Environmental Ethics
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Ernest Partridge, Ph.D

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Farewell to Mormonism – No Regrets

Ernest Partridge

November 7, 2012


I departed from the Mormon Church, effectively if not officially, more than a half century ago. Amazingly, the essential break took place during my freshman and sophomore years at BYU, after which I transferred to the University of Utah where I was to earn my BS, MS and Ph.D degrees in Philosophy.

I don’t believe that I have stepped inside a Mormon ward more than twice in the past forty years. Each time was for the funeral services of my parents. However my wife and I are still counted among the thirteen million members about which the Mormon Church boasts. Admittedly, we could formally resign from the LDS Church if we were willing to tolerate the required persistence and the resulting entreaties of Mormon officials to reconsider. But this would alienate me from many of my Mormon friends and relatives. Just not worth it.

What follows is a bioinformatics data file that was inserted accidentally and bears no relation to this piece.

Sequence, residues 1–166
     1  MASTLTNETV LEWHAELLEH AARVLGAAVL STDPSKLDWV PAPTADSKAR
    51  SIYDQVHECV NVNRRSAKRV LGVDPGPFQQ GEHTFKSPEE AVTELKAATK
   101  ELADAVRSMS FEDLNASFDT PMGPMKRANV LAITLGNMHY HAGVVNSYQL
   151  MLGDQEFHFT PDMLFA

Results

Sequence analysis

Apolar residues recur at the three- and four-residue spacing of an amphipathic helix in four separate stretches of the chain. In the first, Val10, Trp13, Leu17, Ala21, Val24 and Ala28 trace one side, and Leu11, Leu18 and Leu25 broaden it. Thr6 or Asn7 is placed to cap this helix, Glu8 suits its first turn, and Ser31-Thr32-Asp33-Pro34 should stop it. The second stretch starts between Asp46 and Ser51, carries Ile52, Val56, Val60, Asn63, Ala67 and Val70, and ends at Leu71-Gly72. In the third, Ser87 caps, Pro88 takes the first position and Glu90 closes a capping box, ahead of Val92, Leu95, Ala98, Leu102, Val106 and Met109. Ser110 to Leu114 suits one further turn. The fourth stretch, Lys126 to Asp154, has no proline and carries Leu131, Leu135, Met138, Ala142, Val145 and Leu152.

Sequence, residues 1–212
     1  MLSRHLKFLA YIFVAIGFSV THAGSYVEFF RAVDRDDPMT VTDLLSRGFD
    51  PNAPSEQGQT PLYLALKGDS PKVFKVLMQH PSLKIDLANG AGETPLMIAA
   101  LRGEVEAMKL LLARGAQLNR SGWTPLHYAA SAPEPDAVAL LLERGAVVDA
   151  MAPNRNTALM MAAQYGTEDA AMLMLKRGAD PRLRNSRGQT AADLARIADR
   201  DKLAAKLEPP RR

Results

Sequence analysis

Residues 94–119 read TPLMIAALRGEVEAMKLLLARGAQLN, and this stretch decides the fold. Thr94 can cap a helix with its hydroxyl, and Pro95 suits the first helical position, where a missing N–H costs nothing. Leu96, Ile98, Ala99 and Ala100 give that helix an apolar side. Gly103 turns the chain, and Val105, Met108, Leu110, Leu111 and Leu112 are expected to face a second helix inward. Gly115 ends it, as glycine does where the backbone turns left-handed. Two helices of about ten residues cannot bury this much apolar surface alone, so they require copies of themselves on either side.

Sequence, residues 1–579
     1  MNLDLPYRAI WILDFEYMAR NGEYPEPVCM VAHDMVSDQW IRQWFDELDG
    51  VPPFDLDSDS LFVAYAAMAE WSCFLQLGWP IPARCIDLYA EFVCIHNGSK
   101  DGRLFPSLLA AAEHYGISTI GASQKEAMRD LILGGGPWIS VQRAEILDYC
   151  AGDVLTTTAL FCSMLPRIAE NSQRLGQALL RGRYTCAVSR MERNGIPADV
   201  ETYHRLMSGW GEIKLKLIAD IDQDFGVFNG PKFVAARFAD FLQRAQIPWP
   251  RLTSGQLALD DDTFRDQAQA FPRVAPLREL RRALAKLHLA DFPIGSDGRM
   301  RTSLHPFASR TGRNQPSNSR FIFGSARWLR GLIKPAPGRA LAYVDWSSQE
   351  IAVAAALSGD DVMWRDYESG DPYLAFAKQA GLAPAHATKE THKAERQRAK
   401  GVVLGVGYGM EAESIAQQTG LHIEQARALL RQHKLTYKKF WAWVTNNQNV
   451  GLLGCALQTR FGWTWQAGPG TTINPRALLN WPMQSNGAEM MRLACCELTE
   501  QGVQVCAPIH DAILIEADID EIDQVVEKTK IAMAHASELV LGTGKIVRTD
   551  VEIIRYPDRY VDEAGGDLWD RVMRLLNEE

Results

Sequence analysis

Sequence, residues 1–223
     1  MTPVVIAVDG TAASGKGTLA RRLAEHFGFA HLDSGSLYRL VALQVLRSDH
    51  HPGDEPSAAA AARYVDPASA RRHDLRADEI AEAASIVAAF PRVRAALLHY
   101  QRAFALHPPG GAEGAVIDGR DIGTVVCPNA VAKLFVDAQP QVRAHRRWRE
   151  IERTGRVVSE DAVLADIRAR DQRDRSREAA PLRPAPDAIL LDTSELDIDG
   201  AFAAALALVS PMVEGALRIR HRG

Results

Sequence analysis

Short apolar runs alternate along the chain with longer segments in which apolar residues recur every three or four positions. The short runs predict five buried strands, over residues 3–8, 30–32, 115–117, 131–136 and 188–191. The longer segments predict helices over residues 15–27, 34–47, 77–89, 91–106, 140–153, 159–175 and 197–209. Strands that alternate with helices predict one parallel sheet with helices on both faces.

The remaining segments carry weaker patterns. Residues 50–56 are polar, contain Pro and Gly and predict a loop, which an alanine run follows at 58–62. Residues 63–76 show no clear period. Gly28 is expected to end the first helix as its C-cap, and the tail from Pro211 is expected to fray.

While living in Utah as a student and later as a professor, surrounded by Mormon friends and family, I could hardly ignore “the Church,” though I was usually careful not to engage in arguments that would only provoke hostility among the faithful with no useful result Even so, those who sincerely sought out a respectful conversation were not turned away. Most of my post-graduate life, however, has been spent away from “Zion” where, for all practical purpose, Mormonism has receded in my awareness to the status of just another strange cult.

Each month, we are visited by our “home teachers,” good friends with whom we enjoy small talk, patiently listen to their “faith promoting stories” from The Ensign, and by tacit agreement never discuss our personal beliefs or why we never attend Sunday services. Until recently, we were frequently visited by missionaries. But no longer. And why not? Because, I suspect, of what followed a seemingly simple request by our home teachers. “We have some new missionaries in our Ward, who would like to practice their lessons. Would it be OK if they visited you?”